The basic components of a pneumatic system are near universal, despite the wide variety of specifications available for individual units. A pneumatic system refers to any static installation that operates using a compressed gas – either air extracted from the environment or an inert gas. These are distinct from hydraulic systems, which use compressed fluid in liquid form, although the two installations may overlap in function.
Pneumatic systems are found in many industrial applications, engines and machines. The following basic components form part of every pneumatic system.
The actuator is a pneumatic motor that generates outward force through unequal pressure in a pneumatic cylinder, often connected to a piston rod mechanism. Pneumatic cylinders come in many types. Those that use piston rods are divided into single acting and double acting cylinders.
- A single acting pneumatic cylinder exerts a unidirectional outward force when the cylinder is pressurised. When the full outward stroke is reached, the compressed gas is expelled, creating a vacuum and allowing the piston rod to return to its start position.
- In a double acting cylinder, compressed gas is required for both outward and retract movements: the piston end is pressurised on the outward stroke and the rod end is pressurised on the return stroke. This has the advantage of increasing the stroke length and maintaining constant force on alternating movements.
So called ‘rodless cylinders’ do not use piston rods, but have an externally mounted carriage to carry out linear movements along a bearing. Also known as linear drives, rodless cylinders can be mechanically operated through compressed air, or magnetically powered.
Air Treatment System
Pneumatic cylinders are dependent on compressed air or inert gas, which enters the cylinder barrel at both ends via a control valve. Before the air reaches this valve it is channelled through a treatment system that composes the following parts:
The intake filter channels either atmospheric air or an inert gas into the pneumatic system, filtering it of dust, VOCs and other unwanted particles. At this stage the air has a low pressure to volume ratio. This will change as it progresses through the treatment system.
The compressor takes air and compresses it to reduce its volume and increase its temperature. There are several types of compressor, which operate under the principle of either positive displacement or dynamic displacement.
- Piston compressors – use a single acting or double acting piston to compress air and direct it through an outlet pipe into the cooler/separator/dryer unit.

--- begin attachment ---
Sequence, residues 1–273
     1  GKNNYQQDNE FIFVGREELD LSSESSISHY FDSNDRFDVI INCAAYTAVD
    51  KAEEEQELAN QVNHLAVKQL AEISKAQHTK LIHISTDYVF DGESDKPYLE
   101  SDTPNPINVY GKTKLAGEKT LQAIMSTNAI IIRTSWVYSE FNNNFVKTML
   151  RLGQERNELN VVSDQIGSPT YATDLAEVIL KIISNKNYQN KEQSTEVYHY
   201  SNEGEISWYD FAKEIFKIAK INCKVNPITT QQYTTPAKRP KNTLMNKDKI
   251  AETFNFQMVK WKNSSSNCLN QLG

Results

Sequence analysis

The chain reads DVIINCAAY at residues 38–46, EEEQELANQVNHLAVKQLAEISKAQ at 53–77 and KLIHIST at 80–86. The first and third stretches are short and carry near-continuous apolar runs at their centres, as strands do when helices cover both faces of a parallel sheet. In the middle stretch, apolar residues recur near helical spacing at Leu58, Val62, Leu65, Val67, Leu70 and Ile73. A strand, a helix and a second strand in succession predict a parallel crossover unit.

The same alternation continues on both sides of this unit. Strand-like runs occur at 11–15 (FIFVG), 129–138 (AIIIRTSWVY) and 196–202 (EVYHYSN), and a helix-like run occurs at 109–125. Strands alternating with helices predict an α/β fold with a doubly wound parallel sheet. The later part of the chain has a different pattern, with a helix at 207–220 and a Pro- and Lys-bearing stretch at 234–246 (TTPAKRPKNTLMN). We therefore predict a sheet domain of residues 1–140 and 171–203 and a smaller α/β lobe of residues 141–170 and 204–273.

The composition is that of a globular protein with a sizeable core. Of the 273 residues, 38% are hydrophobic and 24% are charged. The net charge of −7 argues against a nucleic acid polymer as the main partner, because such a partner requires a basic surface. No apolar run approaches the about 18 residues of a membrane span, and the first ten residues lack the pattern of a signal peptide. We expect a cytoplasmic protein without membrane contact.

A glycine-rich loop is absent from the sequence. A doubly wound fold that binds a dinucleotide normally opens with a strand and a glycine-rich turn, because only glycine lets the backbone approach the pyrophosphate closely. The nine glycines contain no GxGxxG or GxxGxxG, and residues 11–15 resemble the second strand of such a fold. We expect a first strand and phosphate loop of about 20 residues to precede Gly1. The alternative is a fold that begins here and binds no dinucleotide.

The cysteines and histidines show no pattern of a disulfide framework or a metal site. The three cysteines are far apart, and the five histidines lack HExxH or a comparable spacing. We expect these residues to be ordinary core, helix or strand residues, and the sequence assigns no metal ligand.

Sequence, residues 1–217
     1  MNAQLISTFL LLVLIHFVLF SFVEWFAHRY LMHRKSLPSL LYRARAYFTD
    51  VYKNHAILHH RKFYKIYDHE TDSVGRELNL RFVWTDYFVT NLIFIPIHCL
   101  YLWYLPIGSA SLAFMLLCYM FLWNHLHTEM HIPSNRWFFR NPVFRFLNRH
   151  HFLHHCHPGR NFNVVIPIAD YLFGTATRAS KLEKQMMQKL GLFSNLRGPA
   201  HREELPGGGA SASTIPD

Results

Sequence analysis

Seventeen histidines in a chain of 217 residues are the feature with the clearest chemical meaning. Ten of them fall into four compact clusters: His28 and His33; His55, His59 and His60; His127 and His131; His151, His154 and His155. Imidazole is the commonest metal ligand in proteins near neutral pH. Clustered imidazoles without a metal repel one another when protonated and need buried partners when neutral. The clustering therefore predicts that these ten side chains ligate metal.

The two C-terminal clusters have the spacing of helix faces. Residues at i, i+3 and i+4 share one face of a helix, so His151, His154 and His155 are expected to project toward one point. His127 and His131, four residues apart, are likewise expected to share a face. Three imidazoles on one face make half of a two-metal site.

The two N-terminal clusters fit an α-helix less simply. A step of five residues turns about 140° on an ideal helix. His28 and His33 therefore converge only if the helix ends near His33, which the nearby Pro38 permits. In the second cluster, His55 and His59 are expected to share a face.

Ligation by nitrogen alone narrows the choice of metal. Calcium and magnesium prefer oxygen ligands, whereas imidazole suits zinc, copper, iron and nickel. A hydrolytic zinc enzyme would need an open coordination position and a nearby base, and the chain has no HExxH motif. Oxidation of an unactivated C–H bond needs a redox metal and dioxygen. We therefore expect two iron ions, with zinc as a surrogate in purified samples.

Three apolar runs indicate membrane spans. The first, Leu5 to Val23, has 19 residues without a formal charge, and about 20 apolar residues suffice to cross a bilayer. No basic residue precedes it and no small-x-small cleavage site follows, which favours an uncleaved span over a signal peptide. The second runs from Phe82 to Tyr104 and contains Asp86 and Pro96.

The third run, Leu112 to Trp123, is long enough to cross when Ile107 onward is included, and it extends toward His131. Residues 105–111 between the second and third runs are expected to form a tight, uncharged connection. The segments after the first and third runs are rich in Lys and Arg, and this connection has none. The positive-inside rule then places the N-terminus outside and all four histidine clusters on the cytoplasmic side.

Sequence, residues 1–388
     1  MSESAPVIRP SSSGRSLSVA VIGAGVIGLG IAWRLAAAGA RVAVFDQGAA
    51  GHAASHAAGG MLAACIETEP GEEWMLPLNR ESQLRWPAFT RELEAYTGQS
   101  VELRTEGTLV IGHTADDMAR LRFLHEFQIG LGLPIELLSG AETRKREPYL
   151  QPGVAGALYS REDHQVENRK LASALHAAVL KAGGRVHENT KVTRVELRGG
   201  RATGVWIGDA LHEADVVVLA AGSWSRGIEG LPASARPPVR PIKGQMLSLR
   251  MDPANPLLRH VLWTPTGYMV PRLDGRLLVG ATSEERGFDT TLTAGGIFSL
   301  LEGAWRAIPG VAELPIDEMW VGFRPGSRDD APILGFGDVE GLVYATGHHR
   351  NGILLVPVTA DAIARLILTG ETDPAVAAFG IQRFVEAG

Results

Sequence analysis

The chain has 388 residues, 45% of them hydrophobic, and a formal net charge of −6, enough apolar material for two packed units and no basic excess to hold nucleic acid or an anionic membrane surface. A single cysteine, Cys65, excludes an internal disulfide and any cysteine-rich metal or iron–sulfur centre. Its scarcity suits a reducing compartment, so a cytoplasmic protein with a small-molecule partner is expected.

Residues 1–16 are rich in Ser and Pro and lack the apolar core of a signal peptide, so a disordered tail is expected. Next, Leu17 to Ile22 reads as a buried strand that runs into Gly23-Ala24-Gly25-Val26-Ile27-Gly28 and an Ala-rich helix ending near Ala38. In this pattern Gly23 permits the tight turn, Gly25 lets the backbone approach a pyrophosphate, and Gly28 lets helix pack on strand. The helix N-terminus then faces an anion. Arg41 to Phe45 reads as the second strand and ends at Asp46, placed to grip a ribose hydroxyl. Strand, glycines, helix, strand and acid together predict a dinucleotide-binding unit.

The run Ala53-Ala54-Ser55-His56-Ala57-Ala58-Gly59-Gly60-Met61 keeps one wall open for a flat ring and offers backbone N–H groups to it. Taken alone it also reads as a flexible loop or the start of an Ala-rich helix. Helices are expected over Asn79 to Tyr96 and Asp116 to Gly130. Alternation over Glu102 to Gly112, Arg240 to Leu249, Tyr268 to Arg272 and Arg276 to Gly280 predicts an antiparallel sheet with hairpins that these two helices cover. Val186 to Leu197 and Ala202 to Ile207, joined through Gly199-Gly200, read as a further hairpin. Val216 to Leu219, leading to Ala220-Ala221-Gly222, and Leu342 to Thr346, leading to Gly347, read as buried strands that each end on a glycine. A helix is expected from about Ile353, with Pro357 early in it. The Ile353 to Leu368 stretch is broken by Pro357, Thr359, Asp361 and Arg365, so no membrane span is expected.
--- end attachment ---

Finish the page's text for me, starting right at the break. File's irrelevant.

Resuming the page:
- Diaphragm compressors – use a flexible rubber diaphragm in place of a piston to compress small quantities of air. These are used in sterile environments where contaminants from lubricating oil or piston surfaces may affect food, cosmetics or pharmaceuticals.
- Screw compressors – use a helical shaft to progressively compress air to high pressures. Useful when low to medium volumes of extremely compressed air are required. These compressors provide a continuous flow of compressed air, rather than the pulsating current characteristic of piston and diaphragm compressors.
Cooler, Separator & Dryer
Compression increases the temperature of the air, which must be cooled through a heat exchanger to reach operating temperature. Cooling units use a counter flow of air or water to extract and remove surplus heat from the compressed air.
The Separator, or drying unit, purges the compressed air of excess water vapour and gaseous contaminants. Dryers may use heat to drive off volatile components from the compressed gas, or chemical absorption (e.g. phosphoric pentoxide, calcium chloride or silicon dioxide). Some systems use refrigerant compressors to remove moisture from the compressed air.
The pure, dry compressed air is channelled into the receiver tank, sometimes after further filtration, while the moist, contaminated air is condensed to liquid form and expelled through a drain.
As pneumatic systems depend on a continuous supply of compressed air/gas, this fluid must be stored in a receiver tank. The large internal surface area of the receiver tank further helps to dissipate excess heat while maintaining the required pressure. This is measured by one or more pressure gauges. Compressed air is fed into the control valve by an exit pipe linked to a shut-off valve. As the pressure drops in the receiver tank the change is detected by pressure sensors at the inlet valve, which opens to refresh the tank.
The compressed gas as it enters the control valve to the actuator has a high pressure to volume ratio. The control valve, or regulator, feeds the gas into the actuator to control its speed and movements. Movement is achieved through motor displacement, so the purpose of the control valve is to moderate the flow rate and pump volume as the compressed air leaves the receiver tank. This is achieved through a series of stop valves, controlled by flow transducers, proximity sensors and pressure gauges.
How To Minimise Downtime With Pneumatic Plant & Machinery
Pneumatic plant depends on a complex interplay of compressed gas with a range of components. Failure at any stage of the system can affect the operational productivity of the whole, leading to reduced efficiency and downtime. To find out more about efficient design and maintenance for pneumatic systems, please download our free guide: How To Minimise Downtime With Pneumatic Plant & Machinery by clicking here.